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Nonprofit View: COVID-19 drives implementation of virtual learning for Literacy Council | COMMENTARY

Since 1979, the Literacy Council of Carroll County has helped adult learners reach their personal educational, career, and life goals. Personalized programs and tutoring are tailored to the needs of each learner, with topics ranging from English, math, citizenship, writing a resume, and financial literacy, to preparation for licensing exams (such as the written portion of the Commercial Drivers License).

All materials and tutoring are free. Our clients are referred to us by our community partners and also self-refer, and have a wide range of education and skill levels. Some students are working on boosting their academic skills in math and reading. Some English language learners are starting with basic spoken English, while others have more advanced skills.

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The hallmark of our program is the confidential, in-person, one-on-one tutoring provided by our volunteer tutors. As with other education programs, the pandemic threw a wrench into our learning model. The health concerns and restrictions meant that our tutor-learner teams could not meet in person. Clearly it was time to implement a virtual learning model. Our challenges included: 1. A focus on printed/paper based academic materials, 2. The tutors' and learners' technological skills and comfort levels, 3. Learners and tutors without internet and/or computer access, and 4. A lack of resources to purchase the needed equipment.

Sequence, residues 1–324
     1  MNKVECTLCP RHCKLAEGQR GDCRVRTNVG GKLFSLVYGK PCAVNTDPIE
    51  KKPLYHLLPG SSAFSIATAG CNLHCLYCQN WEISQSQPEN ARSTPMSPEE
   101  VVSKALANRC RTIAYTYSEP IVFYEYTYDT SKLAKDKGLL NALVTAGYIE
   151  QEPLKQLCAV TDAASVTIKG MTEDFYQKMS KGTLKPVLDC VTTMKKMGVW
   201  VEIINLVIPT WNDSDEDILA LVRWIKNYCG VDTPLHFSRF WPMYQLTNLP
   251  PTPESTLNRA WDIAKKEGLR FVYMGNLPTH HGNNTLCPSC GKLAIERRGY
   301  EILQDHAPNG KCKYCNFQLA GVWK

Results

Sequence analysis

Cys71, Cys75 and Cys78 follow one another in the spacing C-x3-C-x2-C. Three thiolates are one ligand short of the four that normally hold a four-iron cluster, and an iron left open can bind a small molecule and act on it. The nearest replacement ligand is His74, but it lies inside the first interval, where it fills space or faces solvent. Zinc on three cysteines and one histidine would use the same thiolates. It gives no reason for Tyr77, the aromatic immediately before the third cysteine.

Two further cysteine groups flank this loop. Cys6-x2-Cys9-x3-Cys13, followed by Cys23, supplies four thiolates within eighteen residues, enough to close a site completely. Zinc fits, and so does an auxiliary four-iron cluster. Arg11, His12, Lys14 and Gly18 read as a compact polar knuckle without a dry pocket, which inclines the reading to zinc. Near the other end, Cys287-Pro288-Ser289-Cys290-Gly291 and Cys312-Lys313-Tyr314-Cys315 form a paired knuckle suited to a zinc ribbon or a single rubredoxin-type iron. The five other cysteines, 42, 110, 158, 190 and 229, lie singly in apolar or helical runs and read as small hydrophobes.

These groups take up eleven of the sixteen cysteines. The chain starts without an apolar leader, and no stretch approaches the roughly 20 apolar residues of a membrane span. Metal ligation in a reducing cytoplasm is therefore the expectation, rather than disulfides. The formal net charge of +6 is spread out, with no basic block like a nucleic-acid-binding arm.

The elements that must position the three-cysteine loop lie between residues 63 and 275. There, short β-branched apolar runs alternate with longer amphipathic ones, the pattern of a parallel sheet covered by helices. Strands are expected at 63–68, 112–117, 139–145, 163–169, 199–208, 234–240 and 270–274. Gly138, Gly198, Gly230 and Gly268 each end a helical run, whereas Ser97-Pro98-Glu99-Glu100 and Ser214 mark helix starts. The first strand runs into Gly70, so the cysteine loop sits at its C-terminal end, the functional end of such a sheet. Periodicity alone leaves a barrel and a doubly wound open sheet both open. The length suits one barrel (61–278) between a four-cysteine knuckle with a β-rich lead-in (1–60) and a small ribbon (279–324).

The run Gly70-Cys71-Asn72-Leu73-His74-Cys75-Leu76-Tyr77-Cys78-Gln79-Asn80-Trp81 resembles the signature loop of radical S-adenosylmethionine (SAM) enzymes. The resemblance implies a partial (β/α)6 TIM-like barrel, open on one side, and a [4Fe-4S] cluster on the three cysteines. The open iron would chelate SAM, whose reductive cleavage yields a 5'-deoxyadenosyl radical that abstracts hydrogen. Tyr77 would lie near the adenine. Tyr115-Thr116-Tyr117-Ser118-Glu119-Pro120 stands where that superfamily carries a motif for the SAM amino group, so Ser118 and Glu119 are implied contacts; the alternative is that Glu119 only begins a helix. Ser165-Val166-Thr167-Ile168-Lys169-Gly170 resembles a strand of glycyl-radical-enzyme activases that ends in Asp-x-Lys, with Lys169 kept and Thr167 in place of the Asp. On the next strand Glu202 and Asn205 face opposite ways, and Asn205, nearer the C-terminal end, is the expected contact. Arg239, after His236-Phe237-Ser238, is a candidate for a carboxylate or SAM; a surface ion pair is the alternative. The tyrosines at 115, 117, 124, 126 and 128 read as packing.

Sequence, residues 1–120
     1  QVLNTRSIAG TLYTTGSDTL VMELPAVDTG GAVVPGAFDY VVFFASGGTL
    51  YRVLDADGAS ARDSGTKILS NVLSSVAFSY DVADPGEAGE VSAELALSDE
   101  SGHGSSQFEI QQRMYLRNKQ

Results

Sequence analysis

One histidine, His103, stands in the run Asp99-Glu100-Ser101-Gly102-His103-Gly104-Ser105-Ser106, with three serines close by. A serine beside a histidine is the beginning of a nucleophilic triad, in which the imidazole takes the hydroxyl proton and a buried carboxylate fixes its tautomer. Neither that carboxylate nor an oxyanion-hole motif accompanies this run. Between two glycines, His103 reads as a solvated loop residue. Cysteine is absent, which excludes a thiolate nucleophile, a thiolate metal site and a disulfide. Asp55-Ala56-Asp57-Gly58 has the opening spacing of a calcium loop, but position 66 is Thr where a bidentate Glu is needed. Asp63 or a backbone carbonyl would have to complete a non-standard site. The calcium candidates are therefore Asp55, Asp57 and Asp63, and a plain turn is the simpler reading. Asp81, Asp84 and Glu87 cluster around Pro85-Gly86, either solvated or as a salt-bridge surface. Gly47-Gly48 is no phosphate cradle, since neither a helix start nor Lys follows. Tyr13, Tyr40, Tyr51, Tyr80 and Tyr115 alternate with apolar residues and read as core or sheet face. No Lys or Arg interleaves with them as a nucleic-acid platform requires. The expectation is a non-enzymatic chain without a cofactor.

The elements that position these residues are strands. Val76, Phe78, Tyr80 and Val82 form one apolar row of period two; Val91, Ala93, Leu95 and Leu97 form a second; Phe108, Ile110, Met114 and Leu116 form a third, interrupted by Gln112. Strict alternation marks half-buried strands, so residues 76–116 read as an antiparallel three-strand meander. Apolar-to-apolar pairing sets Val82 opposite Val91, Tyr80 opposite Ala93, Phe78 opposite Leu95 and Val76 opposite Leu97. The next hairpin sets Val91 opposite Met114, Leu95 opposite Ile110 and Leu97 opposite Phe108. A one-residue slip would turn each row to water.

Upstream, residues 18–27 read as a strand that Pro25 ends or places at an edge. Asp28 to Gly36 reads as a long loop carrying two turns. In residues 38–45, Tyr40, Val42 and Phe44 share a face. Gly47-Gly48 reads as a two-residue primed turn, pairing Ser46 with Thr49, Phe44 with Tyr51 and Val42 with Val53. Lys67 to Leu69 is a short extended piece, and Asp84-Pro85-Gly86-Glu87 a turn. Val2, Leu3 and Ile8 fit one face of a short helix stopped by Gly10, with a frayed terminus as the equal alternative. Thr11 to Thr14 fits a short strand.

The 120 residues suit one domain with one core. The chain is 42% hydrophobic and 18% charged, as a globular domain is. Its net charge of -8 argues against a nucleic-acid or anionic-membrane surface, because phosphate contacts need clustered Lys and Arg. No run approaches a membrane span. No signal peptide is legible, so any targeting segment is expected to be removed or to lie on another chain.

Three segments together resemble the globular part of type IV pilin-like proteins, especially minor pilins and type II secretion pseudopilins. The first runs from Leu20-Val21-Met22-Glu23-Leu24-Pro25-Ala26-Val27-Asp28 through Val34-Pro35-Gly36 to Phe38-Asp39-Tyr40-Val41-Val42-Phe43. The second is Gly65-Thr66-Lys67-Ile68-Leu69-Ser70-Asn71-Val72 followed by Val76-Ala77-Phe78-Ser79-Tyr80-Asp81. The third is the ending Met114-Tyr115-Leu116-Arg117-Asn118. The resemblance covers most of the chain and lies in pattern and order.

We were extremely fortunate to receive state and county grant funding to cover a portion of the cost of implementing virtual learning. To address one of the major technological barriers to virtual learning — lack of equipment — we used the funding to purchase some Chromebooks.

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As we distribute the limited number of Chromebooks to clients and tutors, more learners have reengaged and are making progress toward their goals. With a small group of learners and tutors, we are doing of trial of on-line programs; in addition, several learners are successfully learning English virtually. However, there are still ongoing challenges to virtual learning such as internet access, which we are addressing on a case by case basis.

The virtual learning model is not a one-size-fits-all solution. Some of our current tutors prefer the personal contact and connections they make through one-on-one, in-person tutoring, and/or are not comfortable with virtual tutoring. As a result, they have opted to wait to tutor again till a COVID vaccine is available. Therefore, we are seeking additional tutors who are comfortable with virtual learning and can help fill the gap.

On the plus side, the Literacy Council views virtual learning as a path forward to solve common blocks to learning such as lack of transportation and scheduling issues.

And virtual learning provides a way for us to tailor programs to the individual needs of clients seeking to develop their skills in order to succeed in their current position, qualify for a new position, or re-enter the workforce. As we continue to implement virtual learning, the Literacy Council looks forward to better serving the needs of our community. Please consider supporting us on Tuesday, Dec. 1, #GivingTuesday at www.literacyccmd.org.

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Rebecca Arenson-Rachlinski is the outreach and grants director for the Literary Council of Carroll County.

Each Monday, the Carroll County Times publishes a column from a local nonprofit, allowing them to share information about their organization and the issues facing it, as our editorial. To be considered, email cctnews@carrollcountytimes.com with the subject line “Nonprofit View.”

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